Three of Maranatha’s most faithful and enduring servants will retire this summer. Athletic Facilities Manager Larry Carlson has worked 40 years at the College, Registrar Dr. David Hershberger 38 and Teacher Education Department Associate Professor Barbara Hershberger 33. The Board of Trustees granted faculty emeritus status to the Hershbergers upon their retirement.
These three stories celebrate their accomplishments as we thank them for their devotion to the Lord and Maranatha. We hope you will enjoy reading about them.
Larry Carlson: 40 years
Athletic Facilities Manager Larry Carlson’s primary work responsibilities—setting up folding chairs, ironing uniforms, and maintaining playing fields and gym floors—haven’t exactly helped land him in the spotlight. But whatever the job, Carlson did it for the Lord.
“To me, it’s (my) part in the puzzle, and it takes a lot of people to make a program function,” Carlson said.
After 40 years of helping Maranatha’s program function, Carlson will retire this summer.
“In my house, Larry was always referred to as ‘Faithful Larry,’ ” said Charlotte Cedarholm, a friend of Carlson since 1965. “I don’t know of a more hardworking, selfless, faithful man than Larry.”
Carlson arrived on Maranatha’s campus as a member of the first student body during the 1968-69 academic year. After completing his General Studies degree, he went on to fill multiple positions for the College, including his current job.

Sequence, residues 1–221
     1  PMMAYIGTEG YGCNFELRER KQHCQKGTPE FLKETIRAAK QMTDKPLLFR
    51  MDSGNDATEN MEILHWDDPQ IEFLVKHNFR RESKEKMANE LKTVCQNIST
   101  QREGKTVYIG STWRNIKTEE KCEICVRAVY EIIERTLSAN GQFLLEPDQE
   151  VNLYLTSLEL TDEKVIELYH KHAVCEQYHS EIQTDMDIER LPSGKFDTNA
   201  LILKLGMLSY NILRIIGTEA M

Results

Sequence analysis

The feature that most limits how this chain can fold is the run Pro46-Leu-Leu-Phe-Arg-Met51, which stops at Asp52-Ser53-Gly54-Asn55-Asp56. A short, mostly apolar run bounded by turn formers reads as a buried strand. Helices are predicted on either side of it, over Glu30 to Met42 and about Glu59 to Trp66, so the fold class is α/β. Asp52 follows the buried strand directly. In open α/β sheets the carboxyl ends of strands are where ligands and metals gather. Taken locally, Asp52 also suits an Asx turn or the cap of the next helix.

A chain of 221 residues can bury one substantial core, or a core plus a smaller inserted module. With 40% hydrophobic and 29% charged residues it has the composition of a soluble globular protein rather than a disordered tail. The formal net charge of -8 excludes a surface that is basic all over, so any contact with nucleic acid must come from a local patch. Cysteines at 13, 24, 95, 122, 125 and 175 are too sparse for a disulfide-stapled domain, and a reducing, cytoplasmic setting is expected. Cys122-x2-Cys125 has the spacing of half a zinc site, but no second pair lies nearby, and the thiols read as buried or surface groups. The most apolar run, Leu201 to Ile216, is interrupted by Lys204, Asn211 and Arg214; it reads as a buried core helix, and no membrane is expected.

“The Lord gave me peace about (staying),” Carlson said.
His job has included setting up and taking down some 750-800 folding chairs every morning for chapel. With a crew of approximately 30 students, this takes only about 40 minutes, he said. Carlson admits to being very particular about how the chairs are configured.
“It’s got to be done right,” he said.
Carlson enjoys being able to build friendships with his student crew members that last long after graduation. “I want them to feel free to talk to me,” he said.
Although they will stay in Watertown, Carlson and wife Linda plan to do a lot of traveling and look forward to more frequent visits with grandchildren. Regular stops will include Naples, FL, to visit their son Mike and his family and Kansas City, MO, to visit their daughter Amy and her family.
Carlson also plans to catch up on projects and have more time for hobbies like landscaping, gardening, and photography. He hopes to go on a missions trip with his wife while continuing to serve at their church.
Athletic Director Rob Thompson said Carlson’s work has been “predominately behind the scenes.”
“Larry Carlson has been a loyal and faithful employee these past 40 years,” Thompson said. “His knowledge of the history, legacy, students, faculty, and staff has been a valuable resource to the Athletic Department. Though Larry is retiring from his work at Maranatha, he will always be a Crusader in heart and spirit.”